London, anti-oil activists glue themselves to a Van Gogh painting at Courtauld Gallery

Singular protest by the environmental group Just Stop Oil, which opposes fossil fuels: two activists entered London's Courtauld Gallery and glued themselves to a Van Gogh painting. Other similar actions took place in Glasgow and Manchester.

Two environmentalists from the British group Just Stop Oil led a unique protest action last June 30 at London’s Courtauld Gallery, which reopened last November after three years of work. The two activists glued themselves to a Vincent van Gogh painting, Peaches in Bloom (1889), with the intention of raising awareness about the damage caused to the environment by oil and gas. The painting, the activists explained, was chosen for its symbolic value, since it depicts a landscape in Provence, a region threatened by drought, where following a low rainfall winter and spring (rainfall levels were 45 percent below historical averages), an abnormal heat wave was unleashed between May and June. This had an impact on water supplies, and as of June 15, 124 water use restriction ordinances were in effect in France in 39 of the 96 departments of mainland France.

“I loved this painting as a child, my father took me to see it when we visited London,” said one of the two activists, Louis McKechnie, 21. “I still love this painting, but I love my friends and family more, I love nature more. I consider the future survival of my generation more important than my public reputation. Scientists are saying we need to end fossil fuel licensing, and the government is pouring sand in their ears. I am not willing to walk to my death because of the fossil fuel companies and their government puppets. It is immoral for cultural institutions to stand by while our society is collapsing. Museums should close down. Directors of art institutions should demand that the government immediately stop all new oil and gas projects. Either we resist or we are complicit.”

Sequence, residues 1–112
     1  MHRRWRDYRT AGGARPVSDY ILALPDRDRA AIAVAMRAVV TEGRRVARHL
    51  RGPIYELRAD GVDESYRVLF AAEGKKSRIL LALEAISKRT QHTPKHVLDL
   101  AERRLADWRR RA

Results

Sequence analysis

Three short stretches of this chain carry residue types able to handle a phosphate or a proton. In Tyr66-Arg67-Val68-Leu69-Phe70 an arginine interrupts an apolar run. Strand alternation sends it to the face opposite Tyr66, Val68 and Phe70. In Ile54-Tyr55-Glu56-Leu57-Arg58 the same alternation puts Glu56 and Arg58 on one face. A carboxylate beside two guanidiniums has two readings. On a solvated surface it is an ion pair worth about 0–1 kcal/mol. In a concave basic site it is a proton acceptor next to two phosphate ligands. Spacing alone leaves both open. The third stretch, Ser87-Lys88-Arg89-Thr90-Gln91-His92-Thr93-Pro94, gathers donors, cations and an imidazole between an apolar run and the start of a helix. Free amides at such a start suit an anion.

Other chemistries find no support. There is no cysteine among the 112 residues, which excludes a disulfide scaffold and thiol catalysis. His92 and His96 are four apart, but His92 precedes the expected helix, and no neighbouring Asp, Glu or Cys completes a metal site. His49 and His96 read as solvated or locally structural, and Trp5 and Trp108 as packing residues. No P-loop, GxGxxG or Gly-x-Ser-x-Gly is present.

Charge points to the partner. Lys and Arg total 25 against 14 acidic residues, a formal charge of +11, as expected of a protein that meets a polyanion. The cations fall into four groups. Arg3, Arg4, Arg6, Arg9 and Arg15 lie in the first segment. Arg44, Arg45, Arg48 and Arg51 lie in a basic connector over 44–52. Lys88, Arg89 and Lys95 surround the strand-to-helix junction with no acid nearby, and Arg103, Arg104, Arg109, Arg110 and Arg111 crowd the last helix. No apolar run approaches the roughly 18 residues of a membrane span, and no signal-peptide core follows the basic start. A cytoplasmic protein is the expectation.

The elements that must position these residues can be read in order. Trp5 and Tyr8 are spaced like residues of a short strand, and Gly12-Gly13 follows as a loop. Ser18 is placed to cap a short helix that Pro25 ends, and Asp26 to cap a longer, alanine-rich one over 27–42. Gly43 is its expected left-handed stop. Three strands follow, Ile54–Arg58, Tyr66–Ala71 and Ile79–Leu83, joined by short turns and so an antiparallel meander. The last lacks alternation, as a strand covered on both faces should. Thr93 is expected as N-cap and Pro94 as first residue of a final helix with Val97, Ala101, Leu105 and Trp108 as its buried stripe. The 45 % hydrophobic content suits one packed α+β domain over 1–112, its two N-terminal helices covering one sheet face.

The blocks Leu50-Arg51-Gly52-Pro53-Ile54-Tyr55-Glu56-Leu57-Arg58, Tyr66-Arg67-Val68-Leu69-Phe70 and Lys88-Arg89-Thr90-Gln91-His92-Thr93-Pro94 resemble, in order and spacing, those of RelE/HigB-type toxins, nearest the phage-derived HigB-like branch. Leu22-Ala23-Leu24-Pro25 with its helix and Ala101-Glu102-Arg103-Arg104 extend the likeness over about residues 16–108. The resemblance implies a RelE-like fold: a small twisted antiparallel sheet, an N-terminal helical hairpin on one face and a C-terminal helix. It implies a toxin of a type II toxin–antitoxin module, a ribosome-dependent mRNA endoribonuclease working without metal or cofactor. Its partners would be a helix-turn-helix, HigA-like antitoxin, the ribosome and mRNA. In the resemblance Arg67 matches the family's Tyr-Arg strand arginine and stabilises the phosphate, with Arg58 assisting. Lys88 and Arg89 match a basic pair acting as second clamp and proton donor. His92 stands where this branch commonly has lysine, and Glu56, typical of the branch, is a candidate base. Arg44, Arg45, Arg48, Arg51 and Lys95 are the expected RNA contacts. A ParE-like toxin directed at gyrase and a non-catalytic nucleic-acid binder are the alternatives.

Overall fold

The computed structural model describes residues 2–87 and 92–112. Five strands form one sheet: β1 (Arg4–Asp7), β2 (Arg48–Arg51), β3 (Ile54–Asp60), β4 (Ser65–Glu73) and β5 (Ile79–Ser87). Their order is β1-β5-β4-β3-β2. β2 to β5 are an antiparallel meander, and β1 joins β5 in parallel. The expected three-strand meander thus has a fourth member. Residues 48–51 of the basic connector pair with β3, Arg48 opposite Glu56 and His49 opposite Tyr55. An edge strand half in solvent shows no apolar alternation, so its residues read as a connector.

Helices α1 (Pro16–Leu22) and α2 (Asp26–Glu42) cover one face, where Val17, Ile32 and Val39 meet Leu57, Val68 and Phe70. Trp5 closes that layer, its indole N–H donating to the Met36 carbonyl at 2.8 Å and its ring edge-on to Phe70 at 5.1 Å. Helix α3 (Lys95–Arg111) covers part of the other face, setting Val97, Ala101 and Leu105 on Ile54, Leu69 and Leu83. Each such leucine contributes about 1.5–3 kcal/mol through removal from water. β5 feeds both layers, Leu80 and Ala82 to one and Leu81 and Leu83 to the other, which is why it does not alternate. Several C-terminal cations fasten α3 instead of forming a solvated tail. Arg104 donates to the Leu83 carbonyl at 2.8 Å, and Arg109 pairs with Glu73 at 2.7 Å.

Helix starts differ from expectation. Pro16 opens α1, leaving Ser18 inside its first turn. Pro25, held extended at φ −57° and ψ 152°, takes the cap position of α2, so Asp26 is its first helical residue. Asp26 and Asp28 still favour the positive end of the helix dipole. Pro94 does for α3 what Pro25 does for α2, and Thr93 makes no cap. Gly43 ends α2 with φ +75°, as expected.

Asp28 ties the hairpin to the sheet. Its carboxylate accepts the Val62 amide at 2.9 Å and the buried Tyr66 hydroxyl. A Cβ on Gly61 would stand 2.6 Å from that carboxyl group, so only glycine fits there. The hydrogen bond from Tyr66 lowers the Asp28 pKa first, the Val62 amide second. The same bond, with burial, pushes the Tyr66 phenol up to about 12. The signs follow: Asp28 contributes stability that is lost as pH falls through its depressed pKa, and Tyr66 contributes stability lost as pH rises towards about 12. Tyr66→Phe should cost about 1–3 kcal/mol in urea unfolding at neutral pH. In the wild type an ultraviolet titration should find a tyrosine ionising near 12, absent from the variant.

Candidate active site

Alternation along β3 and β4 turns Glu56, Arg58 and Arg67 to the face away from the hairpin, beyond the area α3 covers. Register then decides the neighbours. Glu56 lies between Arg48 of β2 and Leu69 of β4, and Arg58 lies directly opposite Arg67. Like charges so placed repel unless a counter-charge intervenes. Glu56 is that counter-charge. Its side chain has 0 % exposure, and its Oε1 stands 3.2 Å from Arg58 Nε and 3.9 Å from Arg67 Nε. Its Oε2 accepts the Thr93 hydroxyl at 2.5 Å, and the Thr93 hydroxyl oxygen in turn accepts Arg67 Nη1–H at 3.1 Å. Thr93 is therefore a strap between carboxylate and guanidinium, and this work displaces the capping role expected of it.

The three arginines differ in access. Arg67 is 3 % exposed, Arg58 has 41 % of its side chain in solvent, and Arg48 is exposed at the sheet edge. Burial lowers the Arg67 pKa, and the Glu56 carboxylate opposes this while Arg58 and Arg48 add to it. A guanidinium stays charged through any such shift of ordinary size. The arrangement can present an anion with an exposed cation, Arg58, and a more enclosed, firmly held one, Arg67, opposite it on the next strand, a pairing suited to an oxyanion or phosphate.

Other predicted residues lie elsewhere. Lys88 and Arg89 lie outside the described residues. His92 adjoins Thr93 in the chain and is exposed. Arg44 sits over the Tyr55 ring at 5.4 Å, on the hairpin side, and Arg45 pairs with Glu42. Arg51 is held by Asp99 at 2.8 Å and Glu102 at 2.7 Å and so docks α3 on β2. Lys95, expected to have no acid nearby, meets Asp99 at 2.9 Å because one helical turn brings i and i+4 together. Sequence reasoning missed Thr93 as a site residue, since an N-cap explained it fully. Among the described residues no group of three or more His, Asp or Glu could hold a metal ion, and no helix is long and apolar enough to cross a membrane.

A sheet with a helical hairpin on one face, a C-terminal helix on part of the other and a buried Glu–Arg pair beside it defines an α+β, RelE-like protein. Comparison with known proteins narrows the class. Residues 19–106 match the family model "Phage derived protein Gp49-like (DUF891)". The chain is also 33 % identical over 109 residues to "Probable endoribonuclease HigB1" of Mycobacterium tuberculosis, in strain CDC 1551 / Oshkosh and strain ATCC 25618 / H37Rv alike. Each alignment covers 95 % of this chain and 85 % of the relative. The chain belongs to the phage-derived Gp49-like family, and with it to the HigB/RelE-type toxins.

“I’m taking action today,” Emily Brocklebank, 24, a psychology student, echoed him, “because I can’t live in a bubble of normalcy when society is collapsing around us and people in the global south are suffering so much. Billionaires are getting richer while nurses are lining up at food banks, tens of millions of people around the world are starving, and half the world’s population is in extreme danger of heat waves, floods, fires, and famine. Meanwhile, the art establishment, politicians and fossil fuel companies look the other way. I love art, wherever I go I visit all the museums. Art is very important, it captures history and a moment in time, but artists and the art establishment are failing us by focusing on the wrong things. We need everyone to focus on the government’s genocidal plans to allow fossil fuel companies to drill even more. This is one of the greatest injustices in history. We must resist it.”

The wing of the museum where the Van Gogh painting is located was closed to the public for the rest of the day, but reopened immediately the next day. Instead, the two activists were picked up by London police, who in a video released by Just Stop Oil on Twitter were filmed climbing a staircase inside the Courtauld Gallery to break up the protesters’ action.

The protest followed by a few hours a similar action, also led by Just Stop Oil activists, carried out on June 29 at the Kelvingrove Art Gallery in Glasgow, Scotland: there, the activists, in addition to gluing themselves to a painting (a 19th-century Scottish landscape, My heart’s in the Highlands by Horatio McCulloch), also left, on one of the pillars of the room, an inscription with the group’s name made with spray cans using a stencil. The demonstrators in this case numbered five, all under the age of 31, and were taken into custody by Police Scotland. Again, the museum had to close its doors. Similar scene at the Manchester Art Gallery on July 1, in this case a painting by William Turner was targeted, and environmentalists left spray-painted signs on the floor (“No New Oil”).

Officials from the two museums are currently working to find out whether the works were damaged during the actions. The group Just Stop Oil, for its part, is promising new actions: activists are campaigning against oil terminals in the Midlands and southern England (they have tried several times to disrupt their operations), have invaded soccer games several times, and are now apparently targeting museums with the aim of raising attention around the issue of oil drilling. Finally, on July 27, they are planning a large protest demonstration in London.

London, anti-oil activists glue themselves to a Van Gogh painting at Courtauld Gallery
London, anti-oil activists glue themselves to a Van Gogh painting at Courtauld Gallery

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